late in the bidding process whatever procurement path is chosen.
Despite the longer bidding process under PFPsand the associated
higher coststhe greater likelihood of projects being completed
on time and on budget after the contracts have been signed can
be a benefit worth some extra expense to the public sector at
the initial stage (paragraph 75).
173. Construction and maintenance risks are usually
seen as suitable for transfer to the private sector; whereas activities
over which the private contractor is seen as having little or
no influence have not been transferred (paragraph 81).
174. We welcome the Government's action to secure
for the public sector a substantial share of refinancing gains
in PFPs. We recommend that the Government should continue to learn
from experience in order to ensure that the public sector enjoys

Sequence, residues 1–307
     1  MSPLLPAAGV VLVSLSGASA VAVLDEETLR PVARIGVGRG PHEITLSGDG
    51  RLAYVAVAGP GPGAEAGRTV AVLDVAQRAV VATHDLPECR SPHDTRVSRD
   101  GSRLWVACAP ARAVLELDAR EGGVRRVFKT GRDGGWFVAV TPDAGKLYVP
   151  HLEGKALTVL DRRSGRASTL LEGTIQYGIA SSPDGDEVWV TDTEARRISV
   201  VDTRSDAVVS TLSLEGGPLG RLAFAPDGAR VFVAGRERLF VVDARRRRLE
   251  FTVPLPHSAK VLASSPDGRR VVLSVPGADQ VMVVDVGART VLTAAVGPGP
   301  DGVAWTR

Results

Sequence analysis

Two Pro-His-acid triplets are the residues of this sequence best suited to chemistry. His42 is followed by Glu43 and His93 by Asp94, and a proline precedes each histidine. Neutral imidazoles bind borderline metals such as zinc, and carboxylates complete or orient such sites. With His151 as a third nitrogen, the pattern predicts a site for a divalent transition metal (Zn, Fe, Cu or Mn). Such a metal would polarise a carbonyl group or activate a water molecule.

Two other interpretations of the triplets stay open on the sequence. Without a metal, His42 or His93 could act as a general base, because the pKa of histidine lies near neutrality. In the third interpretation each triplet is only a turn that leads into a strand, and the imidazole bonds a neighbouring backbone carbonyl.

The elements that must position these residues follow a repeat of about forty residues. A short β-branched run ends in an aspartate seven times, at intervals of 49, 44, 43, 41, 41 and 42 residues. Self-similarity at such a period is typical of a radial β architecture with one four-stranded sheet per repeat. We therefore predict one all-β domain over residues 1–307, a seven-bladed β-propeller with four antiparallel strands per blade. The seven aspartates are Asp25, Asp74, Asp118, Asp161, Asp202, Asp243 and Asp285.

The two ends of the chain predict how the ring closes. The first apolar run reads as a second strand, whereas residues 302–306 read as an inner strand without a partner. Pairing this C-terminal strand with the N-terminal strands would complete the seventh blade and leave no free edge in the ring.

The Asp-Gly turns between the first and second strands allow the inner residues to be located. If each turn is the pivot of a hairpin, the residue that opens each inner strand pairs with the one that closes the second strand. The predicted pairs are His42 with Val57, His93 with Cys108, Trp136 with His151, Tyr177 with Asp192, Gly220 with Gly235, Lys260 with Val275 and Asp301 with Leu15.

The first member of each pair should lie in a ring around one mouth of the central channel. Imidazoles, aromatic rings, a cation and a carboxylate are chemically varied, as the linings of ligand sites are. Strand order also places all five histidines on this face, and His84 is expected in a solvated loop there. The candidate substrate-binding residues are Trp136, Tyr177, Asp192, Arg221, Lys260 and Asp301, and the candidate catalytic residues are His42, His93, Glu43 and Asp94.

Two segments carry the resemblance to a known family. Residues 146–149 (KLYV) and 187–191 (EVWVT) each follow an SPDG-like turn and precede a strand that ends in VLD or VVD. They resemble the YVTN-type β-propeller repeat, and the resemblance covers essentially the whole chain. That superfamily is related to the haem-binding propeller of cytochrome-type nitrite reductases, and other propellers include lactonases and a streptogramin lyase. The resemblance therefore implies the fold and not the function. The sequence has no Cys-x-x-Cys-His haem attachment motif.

a fair share of benefits from improvements in financing arrangements
175. The failure of the London Underground Metronet
PFP gave private finance projects in general a bad name. Yet this
project was exceptional because huge debt guarantees together
with a typically narrow equity base limited risk transfer. We
recommend that the state should not guarantee large amounts, and
a high proportion, of debt as a means to make highly geared PFPs
happen. For such exceptionally large and complex projects alternative
procurement approaches should be used (paragraph 101).
176. Private finance has led to a much needed
focus on maintenance of public infrastructure. Public authorities
should however keep a watchful eye on the price paid for what
is on balance a positive development. We also recommend that the
Government should promote the bundling of construction and maintenance,
and whole-life costing, in all public procurement, whether privately
financed or not (paragraph 108).
177. Monitoring and managing private finance
contracts has long been a weakness of the public sector, although
there have been improvements in recent years. We recommend that
public authorities should do more to maintain and improve commercial